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A History of Indian Philosophy, Volume 1

Opened to us through the Upanishads


style="text-align: justify;">writes in the preface to his _Welt als Wille und Vorstellung_ [Footnote ref 1], "And if, indeed, in addition to this he is a partaker of the benefit conferred by the Vedas, the access to which, opened to us through the Upanishads, is in my eyes the greatest advantage which this still young century enjoys over previous ones, because I believe that the influence of the Sanskrit literature will penetrate not less deeply than did the revival of Greek literature in the fifteenth century: if, I say, the reader has also already received and assimilated the sacred, primitive Indian wisdom, then is he best of all prepared to hear what I have to say to him....I might express the opinion that each one of the individual and disconnected aphorisms which make up the Upanishads may be deduced as a consequence from the thought I am going to impart, though the converse, that my thought is to be found in the Upanishads is by no means the case." Again, "How does every line display its firm, definite, and throughout harmonious meaning! From every sentence deep, original, and sublime thoughts arise, and the whole is pervaded by a high and holy and earnest spirit....In the whole world there is no study, except that of the originals, so beneficial and so elevating as that of the Oupanikhat. It has been the solace of my life, it will be the solace of my death! [Footnote ref 2]" Through Schopenhauer the study of the Upani@sads attracted much attention in Germany and with the
growth of a general interest in the study of Sanskrit, they found their way into other parts of Europe as well.

The study of the Upani@sads has however gained a great impetus by the earnest attempts of our Ram Mohan Roy who not only translated them into Bengali, Hindi and English and published them at his own expense, but founded the Brahma Samaj in Bengal, the main religious doctrines of which were derived directly from the Upani@sads.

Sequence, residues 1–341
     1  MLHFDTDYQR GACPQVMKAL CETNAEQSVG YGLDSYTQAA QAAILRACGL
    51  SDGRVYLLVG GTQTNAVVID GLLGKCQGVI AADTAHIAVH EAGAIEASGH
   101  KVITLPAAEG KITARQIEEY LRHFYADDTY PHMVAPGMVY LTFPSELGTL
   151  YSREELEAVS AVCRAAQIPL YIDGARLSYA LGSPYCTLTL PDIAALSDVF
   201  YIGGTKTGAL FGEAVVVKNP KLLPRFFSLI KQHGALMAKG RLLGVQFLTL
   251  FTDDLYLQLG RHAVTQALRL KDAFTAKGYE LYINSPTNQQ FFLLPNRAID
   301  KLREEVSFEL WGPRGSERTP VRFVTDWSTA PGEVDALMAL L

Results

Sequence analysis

[Footnote 1: Translation by Haldane and Kemp, vol. I. pp. xii and xiii.]

[Footnote 2: Max Muller says in his introduction to the Upanishada (-_S.B.E._ I p. lxii; see also pp. lx, lxi) "that Schopenhauer should have spoken of the Upanishads as 'products of the highest wisdom'...that he should have placed the pantheism there taught high above the pantheism of Bruno, Malebranche, Spinoza and Scotus Erigena, as brought to light again at Oxford in 1681, may perhaps secure a more considerate reception for those relics of ancient wisdom than anything that I could say in their favour."]


The Upani@sads and their interpretations.

Before entering into the philosophy of the Upani@sads it may be worth while to say a few words as to the reason why diverse and even contradictory explanations as to the real import of the Upani@sads had been offered by the great Indian scholars of past times. The Upani@sads, as we have seen, formed the concluding portion of the revealed Vedic literature, and were thus called the Vedanta. It was almost universally believed by the Hindus that the highest truths could only be found in the revelation of the Vedas. Reason

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